NT: I’ve lived in many countries. I have been seduced by China over the years because I never found any place like it, a place that is such a political and social experiment, a laboratory of human endeavor and control. For me, every 15 minutes I’d have a new idea for a film. Every street corner I’d find a new idea. It’s very different from our lives in the West. The more you look at it and the deeper you go into it, the more fascinating it is. Just being able to look at how people live in such enormously different ways than we do. I found it—and continue to find it—fascinating.
WPJ: What effect do you think that the unreliability of China’s official history has on young people in China?
NT: That’s a question I ask them. This film is not a polemic. No Western presenters, no narration. It’s trying to go for the idea of the true documentary. I wanted the people, the subjects, to speak for themselves, to be able to speak for themselves. I asked them these questions over years and years. There are many sayings for us about our history. The most common one for the West is, “Those who do not learn from mistakes of history are doomed to repeat them.” But I learned that that’s a very common Western thought. In China, the saying is “history is a mirror.” To understand and see yourself, you have to look into the mirror of the past. But China’s leaders aren’t interested in looking at the past or opening it up to their people. They say there’s no benefit. They say, You in the West may think that it’s very good for us to investigate and analyze the past, but for us, there is no benefit in looking back. We must only look forward. It’s a very Chinese perspective. But of course, as long as they don’t look back, there are skeletons in the cupboard.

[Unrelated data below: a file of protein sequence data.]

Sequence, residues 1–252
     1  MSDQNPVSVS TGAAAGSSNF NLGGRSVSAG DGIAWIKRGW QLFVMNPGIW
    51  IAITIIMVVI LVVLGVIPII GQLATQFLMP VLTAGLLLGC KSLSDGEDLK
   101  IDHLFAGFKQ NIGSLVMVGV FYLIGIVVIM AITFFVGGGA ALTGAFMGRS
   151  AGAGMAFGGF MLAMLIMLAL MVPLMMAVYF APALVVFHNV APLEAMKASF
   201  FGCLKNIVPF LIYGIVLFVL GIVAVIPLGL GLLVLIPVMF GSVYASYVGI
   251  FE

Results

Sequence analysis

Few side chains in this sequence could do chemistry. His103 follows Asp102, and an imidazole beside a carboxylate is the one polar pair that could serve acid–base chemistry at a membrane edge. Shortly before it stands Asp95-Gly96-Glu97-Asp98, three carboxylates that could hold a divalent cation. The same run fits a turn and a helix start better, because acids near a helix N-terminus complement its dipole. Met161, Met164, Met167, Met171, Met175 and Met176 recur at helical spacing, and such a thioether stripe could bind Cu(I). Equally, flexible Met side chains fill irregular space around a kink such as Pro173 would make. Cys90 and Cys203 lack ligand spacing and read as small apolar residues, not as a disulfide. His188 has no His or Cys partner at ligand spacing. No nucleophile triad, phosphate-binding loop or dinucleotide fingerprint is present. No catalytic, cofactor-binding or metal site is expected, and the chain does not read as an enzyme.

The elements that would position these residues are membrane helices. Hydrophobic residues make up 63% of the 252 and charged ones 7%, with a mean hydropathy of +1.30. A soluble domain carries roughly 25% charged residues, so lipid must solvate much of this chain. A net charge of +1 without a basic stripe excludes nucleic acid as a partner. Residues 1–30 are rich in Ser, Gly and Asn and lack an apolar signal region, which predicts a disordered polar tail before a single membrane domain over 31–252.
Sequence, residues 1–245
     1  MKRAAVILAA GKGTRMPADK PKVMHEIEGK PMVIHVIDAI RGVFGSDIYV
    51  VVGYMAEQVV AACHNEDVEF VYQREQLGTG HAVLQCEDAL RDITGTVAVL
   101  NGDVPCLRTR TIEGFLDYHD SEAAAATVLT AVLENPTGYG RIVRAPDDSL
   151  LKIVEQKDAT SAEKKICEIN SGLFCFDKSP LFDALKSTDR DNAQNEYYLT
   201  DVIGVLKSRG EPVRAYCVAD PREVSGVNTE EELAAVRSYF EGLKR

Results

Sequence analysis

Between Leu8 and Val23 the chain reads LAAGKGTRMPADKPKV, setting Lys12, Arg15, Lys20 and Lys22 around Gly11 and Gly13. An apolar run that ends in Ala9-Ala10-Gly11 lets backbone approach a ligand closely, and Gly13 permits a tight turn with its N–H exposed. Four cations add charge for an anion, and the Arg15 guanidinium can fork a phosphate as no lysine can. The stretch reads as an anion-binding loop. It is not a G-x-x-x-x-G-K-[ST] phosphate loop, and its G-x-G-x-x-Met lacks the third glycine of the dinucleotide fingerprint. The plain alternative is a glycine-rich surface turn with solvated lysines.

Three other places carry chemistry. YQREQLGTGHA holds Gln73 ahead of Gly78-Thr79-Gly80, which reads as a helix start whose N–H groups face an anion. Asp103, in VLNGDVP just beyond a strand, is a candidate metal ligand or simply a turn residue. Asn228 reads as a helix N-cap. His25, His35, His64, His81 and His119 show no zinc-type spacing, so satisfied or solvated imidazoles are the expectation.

WPJ: What is the Chinese government’s attitude toward art, filmmaking, and documentaries? Did you have any issues trying to make this film? Would a Chinese person be able to make this film in China?
NT: I didn’t have any trouble. I keep a very low profile. I worked entirely alone, no film crews, no trucks. This was a little gray plastic camera and being alone. I felt that was really important. I never asked permission to do anything from the authorities. I wasn’t filming demonstrations, protests, or furious fights in the street that get journalists locked up when they cover them. There are many independent Chinese filmmakers making wonderful films, but they are not seen in China. They get to film festivals in the West. We can see them, but they can’t see them there. And I couldn’t show my film in China because it would compromise the subjects. They would get in trouble.
WPJ: Could you speak more about why these Chinese films aren’t seen by Chinese people in China?